How Soon Should You Start Saving For Retirement


Everyone has that friend. The one who goes to bed at 9:00 p.m. to get to the gym in the morning, the one who packs her lunch every day, the one who always organizes every group outing or trip.

Confession time: I’m that girl. And while I can sometimes seem too “boring” or “responsible” or “safe,” I’m pretty confident that there’s one area where being responsible and proactive is smart: my retirement.

That’s right—I’m 23 years old, a year and a half out of college, and I’m saving for retirement. I started saving in January, and I feel great about my decision.

Time is Money

When it comes to saving for retirement, time is of the essence. And that’s because of the magic that is compound interest. It’s rumored that Albert Einstein once said that compound interest is “the most powerful force in the universe.”

So, what is it? Compound interest is when you begin to earn interest on your interest. Let’s say you start saving $1,200 a year towards your retirement. If interest is paid five percent annually, you’ll receive $60 in interest in the first year. If you leave that $60 in your retirement account, it’ll start earning interest, too. The next year your $1,260 balance will earn $63 in interest.

It seems small initially, but over time it adds up to a ton of money. If you saved $1,200 a year—just $100 a month—starting at age 23 until you’re 65, you would have over $170,000 in the bank.

Meanwhile, if you start saving the same amount when you’re 30, you’ll have $120,000. Not bad, but that’s a $50,000 penalty you’re paying… all because you waited to save! If you wait until you’re 35, you’ll have less than $90,000 by the age of 65. When you compare the numbers, it just doesn’t make sense to wait until you’re in your 30s to start saving. This LearnVest article explains compound interest in depth.

Financial Security = Empowerment

As Millennial women, we have no shortage of inspiring women and resources around us to help us succeed. Companies like Levo League didn’t exist when my mom was my age, and not just because the internet wasn’t around yet! We’ve created an amazing emotional and professional support system for ourselves, and I believe that creating a strong financial support system is the final piece of the puzzle.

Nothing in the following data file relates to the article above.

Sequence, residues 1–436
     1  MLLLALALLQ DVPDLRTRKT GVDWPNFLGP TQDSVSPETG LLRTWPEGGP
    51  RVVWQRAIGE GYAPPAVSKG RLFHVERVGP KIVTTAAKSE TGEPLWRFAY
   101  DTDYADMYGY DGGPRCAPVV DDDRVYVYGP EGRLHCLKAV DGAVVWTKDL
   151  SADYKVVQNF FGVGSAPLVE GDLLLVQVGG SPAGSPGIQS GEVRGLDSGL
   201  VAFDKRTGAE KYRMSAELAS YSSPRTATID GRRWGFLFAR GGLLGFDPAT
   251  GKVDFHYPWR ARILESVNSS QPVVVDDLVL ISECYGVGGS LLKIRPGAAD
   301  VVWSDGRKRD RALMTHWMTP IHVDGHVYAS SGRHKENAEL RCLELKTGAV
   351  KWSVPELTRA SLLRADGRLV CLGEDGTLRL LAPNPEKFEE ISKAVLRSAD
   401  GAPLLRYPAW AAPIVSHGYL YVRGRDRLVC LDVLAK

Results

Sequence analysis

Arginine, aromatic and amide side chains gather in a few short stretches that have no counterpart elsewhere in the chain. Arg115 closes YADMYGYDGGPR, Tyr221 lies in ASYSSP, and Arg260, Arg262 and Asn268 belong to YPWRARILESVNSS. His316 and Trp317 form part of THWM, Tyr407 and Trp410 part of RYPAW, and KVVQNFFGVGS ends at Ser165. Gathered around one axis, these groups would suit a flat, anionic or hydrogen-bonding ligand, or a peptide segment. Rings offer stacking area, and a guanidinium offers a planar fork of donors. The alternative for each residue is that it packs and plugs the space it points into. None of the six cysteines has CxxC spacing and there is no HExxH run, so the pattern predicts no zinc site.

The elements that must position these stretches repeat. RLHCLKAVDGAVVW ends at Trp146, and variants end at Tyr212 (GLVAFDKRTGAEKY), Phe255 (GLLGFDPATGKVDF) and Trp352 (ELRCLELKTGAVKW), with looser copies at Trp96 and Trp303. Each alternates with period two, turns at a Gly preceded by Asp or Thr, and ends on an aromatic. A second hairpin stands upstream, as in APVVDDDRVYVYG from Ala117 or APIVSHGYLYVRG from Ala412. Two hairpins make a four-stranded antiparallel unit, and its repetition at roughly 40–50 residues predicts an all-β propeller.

For me, saving for retirement means that I’ll never have to worry about relying on my children, my spouse, or the government for money. I believe that being 100 percent financially independent is one of the most satisfying accomplishments a person can achieve. By saving today, I’m paying myself in the future—not just in money, but in peace of mind.

Where to Start?

If you’re anything like me, your first thoughts about retirement might be fear and confusion. I get it! But I have three easy steps to take control of your future and start saving today:

1. Start Small

If you barely have a handle on your day-to-day budget, or are spending $200 a month at Starbucks, you should probably square away your current finances before you start worrying about your future. Create a budget and include retirement savings. Even $50 a month can grow into quite the nest egg.

2. Educate Yourself

I read two books—Smart Women Finish Rich and You Have More Than You Think—that really clarified a lot about saving for retirement. Of course, if books aren’t your thing, you can always research on the internet or even take a free online course on financial planning.

3. Sign Up

With all your newfound knowledge, schedule some time with your company’s HR department to figure out what forms you need to fill out and with whom to open your retirement account. You can even have your retirement contribution automatically withdrawn from your paycheck every month, so you’ll never have to worry about forgetting a contribution. (Added bonus: Contributing to your retirement brings down your taxable income!)

What are you doing to save for the future? Tell us in the comments!

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Having retired after teaching Field Biology for many years, I have a wide range of topics to write on. My interests are photographing animals and plants, vacationing with my family, enjoying my grandchildren, dancing, hiking, canoeing and kayaking, gardening, winter activities, leading nature walks, writing notes on nature, and home improvements (we are renovating our retirement home). With all that I am doing now, you may wonder how I ever found the time to work - of course, most of the other things were put on hold all those years.


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